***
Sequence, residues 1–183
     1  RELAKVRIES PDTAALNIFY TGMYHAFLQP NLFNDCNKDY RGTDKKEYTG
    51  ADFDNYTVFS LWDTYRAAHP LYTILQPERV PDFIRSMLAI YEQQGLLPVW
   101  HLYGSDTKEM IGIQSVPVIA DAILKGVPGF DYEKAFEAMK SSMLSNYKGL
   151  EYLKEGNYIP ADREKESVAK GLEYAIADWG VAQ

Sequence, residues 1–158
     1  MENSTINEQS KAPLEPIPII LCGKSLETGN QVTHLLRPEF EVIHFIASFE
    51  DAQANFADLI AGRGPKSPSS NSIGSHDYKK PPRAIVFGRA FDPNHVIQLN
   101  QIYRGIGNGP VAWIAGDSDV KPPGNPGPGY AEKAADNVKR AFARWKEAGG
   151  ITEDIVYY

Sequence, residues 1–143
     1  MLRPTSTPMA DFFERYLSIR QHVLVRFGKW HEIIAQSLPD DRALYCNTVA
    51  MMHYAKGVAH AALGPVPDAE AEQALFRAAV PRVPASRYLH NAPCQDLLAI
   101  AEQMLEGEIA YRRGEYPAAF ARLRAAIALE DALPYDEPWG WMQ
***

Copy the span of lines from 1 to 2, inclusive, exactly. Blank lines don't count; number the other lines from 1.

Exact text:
Sequence, residues 1–183
     1  RELAKVRIES PDTAALNIFY TGMYHAFLQP NLFNDCNKDY RGTDKKEYTG